Upping the Loadings of .455 Eley of course could be done and done properly, but, propellent characteristics, Air Space beneath Bullet base, and their relation, need to be taken into account for working up a Load properly and safely.

Oye...everything just got a lot more complicated!!


Best wishes..!

Jesse Heywood
April 12, 2010, 11:49 PM
Another kaboom avoided! ;)

April 13, 2010, 01:21 AM
Not necessarily...

But given that it is not-so-simple...it is not so simple either way.

I totally doubt upping a .455 Eley charge a little bit for a New Service Revolver would occasion a 'kaboom' unless done to some outrageous heights of excess.

Right Powder, right density for the Powder, everything would be fine.

Meanwhile, merely asking indifferently for loadings to be shared without any idea of their pressures, alarmed no one.

Go figure...


April 14, 2010, 09:54 AM
There seems to be a history of auto loaders such as 40 S&W that when a bullet is pushed back into the case by improper feeding, this especially so with top end loads, then excess pressure signs are seen even to the point of case rupture. I beleive experimentation is in order if we can find donor guns to use the same bullets and same powder charge one in 45 colt and the other in 455 or 45acp---- just kidding! Its also frequently observed that in rifles with shorter than ideal action length can reduce useable pressure and velocity due to very deeply seated bullets(heavy for caliber), and some folks will use alonger action to seat the bullets out further-sometimes gaing a useful increase in vekocity. That being said, I wish someone made a medium rifle action for the WSM'z. One of the differences of the 38 example with wadcutters is the use of a lead wadcutter seated flush gives potentially lower pressure than a jacketed bullet seated at normal or long COL. Soft lead bullets just are easier to push. Sorry to be the rogn come lately.

April 14, 2010, 03:27 PM
The .455 Eley Case, once the Bullet is seated, has so little room in it, I assumed a bulky slowish Powder ( and if memory serve, was suggesting such from the onset) would fill the Case anyway having about no Air Space, where, adding a little more Powder, holding the Bullet 'out' a little further ( no issue there, given the New Service Cylinder is of a length to hold .45 Long Colt with length to spare) lt'd work fine.

I dunno...

Who cares...


April 14, 2010, 03:44 PM

If you dunno....
Don't care......

Why in the world are you posting reloading advice?

April 14, 2010, 04:35 PM
Hi rswartsell,

I thought it was a converation among two novices who were both interested in New Service...and intending to learn to load/re-load for the Arm, and, discussing such. The thread began elsewhere, and I suggested the OP move the topic "Here" instead of it remaining in the Revolver section.

I never gave any reloading 'advice', and never framed any of my wonderings or interest in learning or speculating as being advice.

The 'I dunno' part is about the dud-energy and went no-where, which this thread seemed to have going for itself.

Could have been an interesting subject worthy of a little more constructive input and contribution...in my opinion.

Oh well.

Thanks for your concern.

April 15, 2010, 04:34 PM
I thought that since .455 Eley/Colt is no longer produced, there ought to be quite a few folks loading for it. I mean, the factory Webley stuff is pricey. Apparently I was wrong. I do appreciate the info received. The reason that I haven't tried T7 is that I doubt it will out perform smokeless, and is fairly expensive. I do use it in my .50 cal rifle and in my 1860, with good results. Hell, I can actually squeeze 40 grs of 3f 777 (weighed)in the 1860, with a ball. I'm not sure what sort of velocity this produces, but it's not paticuarly accurate in my gun.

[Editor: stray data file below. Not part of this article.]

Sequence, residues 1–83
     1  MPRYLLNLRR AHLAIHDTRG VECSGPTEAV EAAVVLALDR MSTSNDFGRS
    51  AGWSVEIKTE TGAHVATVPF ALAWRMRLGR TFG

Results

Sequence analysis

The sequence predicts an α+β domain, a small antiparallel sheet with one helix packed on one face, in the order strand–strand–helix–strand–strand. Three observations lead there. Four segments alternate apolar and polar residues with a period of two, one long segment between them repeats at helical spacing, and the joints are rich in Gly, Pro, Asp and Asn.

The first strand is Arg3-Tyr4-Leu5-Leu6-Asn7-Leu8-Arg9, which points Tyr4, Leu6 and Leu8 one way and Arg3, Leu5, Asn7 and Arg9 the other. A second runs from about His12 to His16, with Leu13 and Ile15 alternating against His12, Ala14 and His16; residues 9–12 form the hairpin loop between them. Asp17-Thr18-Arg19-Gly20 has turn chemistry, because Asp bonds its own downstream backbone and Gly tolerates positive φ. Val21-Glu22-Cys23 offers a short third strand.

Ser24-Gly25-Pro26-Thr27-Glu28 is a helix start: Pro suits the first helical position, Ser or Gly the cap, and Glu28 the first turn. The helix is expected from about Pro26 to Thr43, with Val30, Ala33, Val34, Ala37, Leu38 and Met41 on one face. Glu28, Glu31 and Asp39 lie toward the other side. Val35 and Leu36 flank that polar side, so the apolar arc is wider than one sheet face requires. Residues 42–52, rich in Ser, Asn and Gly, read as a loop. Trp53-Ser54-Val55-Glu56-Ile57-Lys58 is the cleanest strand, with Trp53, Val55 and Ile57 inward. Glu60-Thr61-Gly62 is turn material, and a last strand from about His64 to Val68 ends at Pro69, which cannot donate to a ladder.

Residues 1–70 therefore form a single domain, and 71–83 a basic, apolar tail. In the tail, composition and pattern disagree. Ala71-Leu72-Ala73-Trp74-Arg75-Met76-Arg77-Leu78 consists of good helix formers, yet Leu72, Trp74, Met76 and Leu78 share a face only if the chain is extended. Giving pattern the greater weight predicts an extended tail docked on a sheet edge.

April 15, 2010, 06:55 PM
Hi bfloridaboy,

It has not been clear whether you were after max performance or plinking rounds...or both.

'777' being a propellent which uses no air space, and no compression, is immediately an easy and safe one and pretty hard to goof up, far as plinking rounds or possibly even quite decent performance rounds.

I do not know the case capacity of the .455 Eley Cartridge, nor, how far 'out' a given Bullet may be held and crimped to allow the most one could get with the Cartridge...but, those would be factors, of course, if wishing for the most out of it.

Air space below Bullet in relation to Powder Volume - as I definitely, or we even however so, have now found out - is not to be neglected for those Powders where it can be important.

Full House '777' should equal the original performance anyway, far as I would expect...if not bettering it, as far as this having originally been a BP Cartridge of relatively small Powder Capacity.

I have an old Webley 'British Bull Dog' in .450 Adams, but I have not chrono'd any of the old 'Fiochi' Ammunition I used to shoot in it...though at some point I will re-load the empty Brass I saved from years ago, with BP, and with 777, and chrono those.

The .450 Adams is a little shorter even than your .455 Eley.


April 15, 2010, 11:14 PM
From the 'Lyman 41st' ( 1957 )

http://inlinethumb11.webshots.com/43914/2094481980067835264S600x600Q85.jpg (http://home-and-garden.webshots.com/photo/2094481980067835264juhMMm)


http://inlinethumb56.webshots.com/45815/2400539630067835264S600x600Q85.jpg (http://home-and-garden.webshots.com/photo/2400539630067835264blpnqh)

Jesse Heywood
April 15, 2010, 11:38 PM
My foray into the Eley started when a friend gave me a box of empty blank cases. I found that the 45 colt blank case could be made into the 455 Eley, which could be shot in a 45 colt revolver. Being one to never back down from a challenge, I am giving them a try. Gives me something that keeps me off the streets at night.

April 16, 2010, 01:21 AM
I can try and do a better close image, if the one posted is not easy to read for anyone's Monitor resolution.

I have a few other older Re-Loading Manuals I will be digging out soon, and can check them also.